Tag Archives: CFAA

Security News for the Week Ending May 29, 2020

Hackers Have Access to iOS 14 Months Before You Will

Apple gives developers early prototypes of their new software so that Apple doesn’t have a disaster on its hands when the new software is released and user’s applications no longer work. Unfortunately, some developers sell those phones – or at least access to them – so that they can get unlocked copies of the OS to hack and reverse engineer. This is why hacks appear so quickly after the new versions are finally released. Credit: Vice

Reports: eBay is Scanning User’s Computers for Open Ports

Bleeping Computer tested reports that users who visit eBay’s web site have their Windows computers scanned for open ports. It is possible that they are looking for computers that are compromised and used to commit fraud. However, accessing a user’s computer like this likely violates the Justice Department’s interpretation of the Computer Fraud and Abuse Act, which is a felony, specifically because they did not ask for permission. That “interpretation” is now being reviewed by the Supreme Court. Expect lawsuits. Credit: Bleeping Computer

UK Says They Will Keep Contact Tracing Info for 20 Years

No big surprise here – I expected this. This is the downside of the “centralized” model for contact tracing apps.

According to the privacy notice attached to the UK’s new contact tracing app, data collected by the app will be stored for up to 20 years.

And, you have no right to have it deleted. Credit: Computing UK

Abandoned Apps May Pose a Security Risk to Mobile Devices

If you are like most people, you have a number of apps on your phone or tablet.

Question for you – whether you use every single one of those apps frequently or not – is how many of those apps are still supported by the developer? That includes the so-called “packages” that the app developer used to write that app.

The unsupported app – with bugs that have not be discovered or patched – can provide an avenue for exploit by hackers. For as long as those apps remain on your phone.

So while you are not using that app, hackers are trying to figure out how to exploit it. The risk is higher than you might think. Credit: Dark Reading

Security News for the Week Ending April 3, 2020

DoD Concerned Covid Will Cause US IP Loss

In an interesting analysis, Ellen Lord, DoD’s top acquisition official, is concerned that foreign interests (including unfriendly foreign interests) will buy or invest in small U.S. defense subs and steal our tech.  In theory CFIUS and FRRMA should make that harder as the government has the right to nix buyouts if they think they will hurt us, but first they have to know about it.  With Covid potentially impacting the stability of these small companies, the government has its work cut out for it.  Source: Defense Systems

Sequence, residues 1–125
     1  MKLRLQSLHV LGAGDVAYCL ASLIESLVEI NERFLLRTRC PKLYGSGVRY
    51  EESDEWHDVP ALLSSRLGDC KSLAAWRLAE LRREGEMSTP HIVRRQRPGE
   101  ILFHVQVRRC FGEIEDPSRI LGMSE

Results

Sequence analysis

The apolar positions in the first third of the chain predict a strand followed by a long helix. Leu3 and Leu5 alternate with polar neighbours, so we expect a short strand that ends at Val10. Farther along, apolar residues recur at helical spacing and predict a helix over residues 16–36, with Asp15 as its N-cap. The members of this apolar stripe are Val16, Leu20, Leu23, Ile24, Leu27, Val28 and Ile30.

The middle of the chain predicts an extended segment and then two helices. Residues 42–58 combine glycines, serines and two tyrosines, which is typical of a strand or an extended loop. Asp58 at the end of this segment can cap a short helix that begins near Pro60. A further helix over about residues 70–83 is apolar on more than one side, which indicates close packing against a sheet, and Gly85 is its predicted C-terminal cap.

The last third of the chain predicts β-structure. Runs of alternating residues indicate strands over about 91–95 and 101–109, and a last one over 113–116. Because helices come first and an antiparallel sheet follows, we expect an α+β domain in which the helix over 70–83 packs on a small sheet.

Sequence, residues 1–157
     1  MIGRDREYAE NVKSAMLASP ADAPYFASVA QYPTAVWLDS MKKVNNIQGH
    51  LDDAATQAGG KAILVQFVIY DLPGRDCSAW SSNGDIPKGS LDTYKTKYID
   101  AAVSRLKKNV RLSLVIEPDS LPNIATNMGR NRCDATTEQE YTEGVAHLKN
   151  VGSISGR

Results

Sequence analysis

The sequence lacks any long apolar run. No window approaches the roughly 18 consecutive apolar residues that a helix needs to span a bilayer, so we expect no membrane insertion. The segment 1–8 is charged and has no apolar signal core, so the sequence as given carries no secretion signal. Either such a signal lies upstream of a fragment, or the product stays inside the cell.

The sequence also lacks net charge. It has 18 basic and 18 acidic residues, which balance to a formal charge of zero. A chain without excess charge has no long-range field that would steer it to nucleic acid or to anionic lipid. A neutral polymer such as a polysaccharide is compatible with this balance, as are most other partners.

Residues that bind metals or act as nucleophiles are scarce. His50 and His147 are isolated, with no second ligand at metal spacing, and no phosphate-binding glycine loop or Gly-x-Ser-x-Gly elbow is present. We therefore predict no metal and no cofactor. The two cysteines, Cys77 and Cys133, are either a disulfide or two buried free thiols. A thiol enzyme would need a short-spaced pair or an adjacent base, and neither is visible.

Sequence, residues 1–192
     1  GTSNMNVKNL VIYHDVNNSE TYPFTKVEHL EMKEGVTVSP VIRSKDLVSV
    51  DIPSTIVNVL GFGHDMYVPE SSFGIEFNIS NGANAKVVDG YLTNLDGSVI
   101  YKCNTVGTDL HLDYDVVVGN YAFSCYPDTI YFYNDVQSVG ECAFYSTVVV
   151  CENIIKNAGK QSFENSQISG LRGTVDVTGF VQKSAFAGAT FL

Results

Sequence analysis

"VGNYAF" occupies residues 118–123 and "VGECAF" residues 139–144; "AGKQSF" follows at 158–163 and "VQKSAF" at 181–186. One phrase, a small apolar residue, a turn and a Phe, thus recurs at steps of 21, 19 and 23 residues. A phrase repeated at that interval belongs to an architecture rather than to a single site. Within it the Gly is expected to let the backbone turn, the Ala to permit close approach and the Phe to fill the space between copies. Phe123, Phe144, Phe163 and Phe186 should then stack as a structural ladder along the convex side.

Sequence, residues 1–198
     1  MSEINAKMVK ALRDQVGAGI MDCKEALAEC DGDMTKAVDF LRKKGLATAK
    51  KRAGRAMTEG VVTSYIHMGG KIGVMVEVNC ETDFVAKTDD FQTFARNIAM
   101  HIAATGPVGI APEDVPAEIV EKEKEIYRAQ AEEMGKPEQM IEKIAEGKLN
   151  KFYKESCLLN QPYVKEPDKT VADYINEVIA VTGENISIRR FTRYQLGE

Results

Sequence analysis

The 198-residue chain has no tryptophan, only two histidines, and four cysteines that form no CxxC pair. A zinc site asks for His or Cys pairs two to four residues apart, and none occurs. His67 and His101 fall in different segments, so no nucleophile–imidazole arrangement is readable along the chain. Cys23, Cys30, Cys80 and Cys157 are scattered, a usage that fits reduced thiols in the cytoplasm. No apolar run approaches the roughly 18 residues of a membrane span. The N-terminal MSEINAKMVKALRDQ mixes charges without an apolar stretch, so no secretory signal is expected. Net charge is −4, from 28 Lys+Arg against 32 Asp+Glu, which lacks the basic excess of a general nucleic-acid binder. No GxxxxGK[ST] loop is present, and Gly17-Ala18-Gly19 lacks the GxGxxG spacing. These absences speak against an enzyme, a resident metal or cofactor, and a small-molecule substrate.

Violating a Web Site’s Terms of Service: Hacking or Not?

The Computer Fraud and Abuse Act (CFAA) was written long before the Internet, but leave it to aggressive prosecutors and companies to use it in a way that was never intended.  But the various federal courts can’t seem to figure out how to interpret it.  The DC federal court has just ruled that using a web site with a legally obtained user account in a way that may violate the web site owner’s terms of service is not hacking and cannot be prosecuted under the CFAA.  Since about half of the federal courts have ruled in each direction on this issue, it is likely to make it up to the Supremes.  This is important both for web site operators and security researchers. Source: Ars Technica

Zoom Does Not Support End to End Encryption, Despite Claims that it Does

In some of Zoom’s documentation, as well as in the client, Zoom says that it supports end to end encryption, but in fact, it does not, at least when video is involved.  I am sure now that it has come out that they lied on their web site, they will likely get sued.  If you think about it, given that they have the ability to record your call, there is no way that it can be end to end encrypted.  The video is encrypted between their data center and you, which is probably good enough for 99% of the planet.  This also means that the fuzz can listen into your call.  Moral of the story, if you are doing something illegal. Or classified.  Don’t discuss it on a public video conference (or audio) service.  There are ways to really do end to end encryption and I have set them up before, but they are neither cheap nor simple.  Source: The Intercept

DoJ Inspector General Says FISA Court Requests Are Suspect

The Department of Justice’s Inspector General says that the FBI has not followed the rules when applying for secret FISA warrants over the last five years.  Given that the whole process is secret, it is not surprising that it is flawed.  Any time the government operates outside the light of day, the opportunity for abuse is there and now, the DoJ IG is questioning 700 warrant requests made over the last 5 years.  The court is basically a rubber stamp since there is no “other side” to any request.  This came to light when Carter Page, a Trump campaign advisor, was the subject of a FISA court wiretap.  This is also at the core of the fight between the House and Senate over the renewal of certain parts of FISA that expired last month.  Source: The Register

California AG Revises CCPA Regulations Again

As the deadline set by the legislature for the enforcement of CCPA lurches closer (July 1), the AG has revised the proposed regulations again.  Among the changes are a re-expansion of the definition of personal information, privacy notice guidance, instructions on responding to data subject requests, clarification/restriction of service provider use of information and a minor clarification of the definition of financial incentives.   See the assessment from law firm ReedSmith here and a copy of the again revised regs here.